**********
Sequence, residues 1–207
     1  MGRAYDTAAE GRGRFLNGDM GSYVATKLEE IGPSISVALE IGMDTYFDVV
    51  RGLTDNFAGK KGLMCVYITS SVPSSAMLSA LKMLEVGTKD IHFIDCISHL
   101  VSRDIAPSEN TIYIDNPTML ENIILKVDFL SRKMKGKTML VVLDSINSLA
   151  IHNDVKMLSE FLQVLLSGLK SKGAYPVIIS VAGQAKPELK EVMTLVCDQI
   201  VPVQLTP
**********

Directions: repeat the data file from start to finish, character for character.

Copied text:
Sequence, residues 1–207
     1  MGRAYDTAAE GRGRFLNGDM GSYVATKLEE IGPSISVALE IGMDTYFDVV
    51  RGLTDNFAGK KGLMCVYITS SVPSSAMLSA LKMLEVGTKD IHFIDCISHL
   101  VSRDIAPSEN TIYIDNPTML ENIILKVDFL SRKMKGKTML VVLDSINSLA
   151  IHNDVKMLSE FLQVLLSGLK SKGAYPVIIS VAGQAKPELK EVMTLVCDQI
   201  VPVQLTP